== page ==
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Proximity and Contactless: New Ways to Sell During COVID-19

Proximity and Contactless: New Ways to Sell During COVID-19

COVID-19 is forcing us to reinvent our relationship with customers and how we serve them. Customer needs have not disappeared, but merchants are being forced to show their resilience and rethink how to meet them and adapt to the new reality.

Containment measures, social distancing and the emphasis on sanitation measures are already causing consumers to explore new ways of purchasing that are likely to persist even once this pandemic is behind us.  

In this article, we’ll explore three challenges merchants face with COVID-19 and how to overcome them and remain transactional while adhering to the containment measures in place.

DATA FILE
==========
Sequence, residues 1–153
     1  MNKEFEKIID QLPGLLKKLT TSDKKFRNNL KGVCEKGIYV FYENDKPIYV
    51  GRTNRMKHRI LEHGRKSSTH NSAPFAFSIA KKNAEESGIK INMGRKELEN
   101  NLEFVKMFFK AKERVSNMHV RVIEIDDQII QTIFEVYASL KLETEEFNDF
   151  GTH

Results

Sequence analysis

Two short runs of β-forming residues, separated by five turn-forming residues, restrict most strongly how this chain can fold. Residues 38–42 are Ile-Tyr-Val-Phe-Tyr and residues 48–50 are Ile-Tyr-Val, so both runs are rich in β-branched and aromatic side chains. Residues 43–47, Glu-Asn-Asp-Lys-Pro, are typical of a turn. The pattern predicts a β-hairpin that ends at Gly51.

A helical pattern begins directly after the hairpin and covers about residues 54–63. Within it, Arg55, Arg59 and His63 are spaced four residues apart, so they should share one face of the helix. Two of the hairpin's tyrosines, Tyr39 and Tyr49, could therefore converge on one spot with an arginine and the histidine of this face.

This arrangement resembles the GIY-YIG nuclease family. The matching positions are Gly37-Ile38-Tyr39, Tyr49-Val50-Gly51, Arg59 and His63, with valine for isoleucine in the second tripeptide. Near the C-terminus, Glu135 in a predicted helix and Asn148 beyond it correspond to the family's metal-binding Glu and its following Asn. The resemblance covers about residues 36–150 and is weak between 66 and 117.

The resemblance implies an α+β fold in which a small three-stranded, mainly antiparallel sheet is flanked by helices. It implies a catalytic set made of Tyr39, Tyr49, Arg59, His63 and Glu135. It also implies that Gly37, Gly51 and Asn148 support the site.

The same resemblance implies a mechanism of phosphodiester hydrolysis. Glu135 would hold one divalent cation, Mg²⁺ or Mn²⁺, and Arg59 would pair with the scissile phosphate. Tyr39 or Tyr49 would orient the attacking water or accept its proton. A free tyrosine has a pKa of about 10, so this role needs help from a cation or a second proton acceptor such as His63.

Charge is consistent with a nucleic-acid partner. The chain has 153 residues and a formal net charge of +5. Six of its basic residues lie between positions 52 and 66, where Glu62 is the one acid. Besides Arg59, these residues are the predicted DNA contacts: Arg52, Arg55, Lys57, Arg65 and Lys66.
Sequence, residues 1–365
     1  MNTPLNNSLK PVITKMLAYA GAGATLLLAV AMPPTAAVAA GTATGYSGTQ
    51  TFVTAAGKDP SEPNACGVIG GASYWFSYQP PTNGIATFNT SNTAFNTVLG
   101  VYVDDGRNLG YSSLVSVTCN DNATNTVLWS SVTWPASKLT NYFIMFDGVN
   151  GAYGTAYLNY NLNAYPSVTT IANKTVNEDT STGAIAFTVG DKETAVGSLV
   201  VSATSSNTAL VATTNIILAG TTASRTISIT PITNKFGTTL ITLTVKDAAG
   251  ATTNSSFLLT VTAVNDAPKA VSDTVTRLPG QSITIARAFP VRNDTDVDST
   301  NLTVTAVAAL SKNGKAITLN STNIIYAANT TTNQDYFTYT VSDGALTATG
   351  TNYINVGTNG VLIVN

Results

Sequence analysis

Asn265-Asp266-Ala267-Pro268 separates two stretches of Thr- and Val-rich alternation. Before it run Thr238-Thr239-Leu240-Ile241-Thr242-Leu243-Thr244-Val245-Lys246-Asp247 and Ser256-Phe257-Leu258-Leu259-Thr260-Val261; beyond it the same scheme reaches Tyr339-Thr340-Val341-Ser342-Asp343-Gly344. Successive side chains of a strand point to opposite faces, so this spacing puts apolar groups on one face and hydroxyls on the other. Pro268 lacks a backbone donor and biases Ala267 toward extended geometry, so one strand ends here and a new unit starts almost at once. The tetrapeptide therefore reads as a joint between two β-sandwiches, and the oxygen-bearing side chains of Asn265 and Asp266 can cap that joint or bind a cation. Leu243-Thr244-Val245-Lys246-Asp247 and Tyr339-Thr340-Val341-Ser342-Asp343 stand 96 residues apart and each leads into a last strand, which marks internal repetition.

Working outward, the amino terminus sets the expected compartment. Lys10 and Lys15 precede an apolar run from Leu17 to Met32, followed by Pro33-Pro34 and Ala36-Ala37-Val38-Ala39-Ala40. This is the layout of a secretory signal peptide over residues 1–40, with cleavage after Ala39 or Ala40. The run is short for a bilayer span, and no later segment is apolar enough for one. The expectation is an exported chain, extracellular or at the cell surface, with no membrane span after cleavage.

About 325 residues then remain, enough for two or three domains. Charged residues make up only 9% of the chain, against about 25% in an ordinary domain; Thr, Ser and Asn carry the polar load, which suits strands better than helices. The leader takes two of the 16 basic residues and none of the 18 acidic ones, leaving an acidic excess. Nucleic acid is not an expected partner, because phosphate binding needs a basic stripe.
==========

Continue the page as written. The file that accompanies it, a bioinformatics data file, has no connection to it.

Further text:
Let’s dive in! 

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Challenge 1: Effectively communicating products and services offered

How do you keep customers informed on which products are available and the estimated shipping delays given all the constraints to your supply chain and order fulfilment processes? 

To be effective, communicating with customers through COVID-19 needs to be timely and done on multiple channels: Through your website, emails, social media accounts and even your storefront.  

First, let your customers know whether or not you’re open and how you’re adapting your service. For Ruti, a ready-to-wear boutique with 10 stores across the United States, that meant taking their styling consultations 100% virtual. 

For a boutique that’s known by customers for their expert personal stylists, Ruti’s mission was to keep that customer experience intact despite social distancing measures. Innovation is derived from challenges that need to be overcome and, for Ruti, that meant booking virtual style consultations through video chat.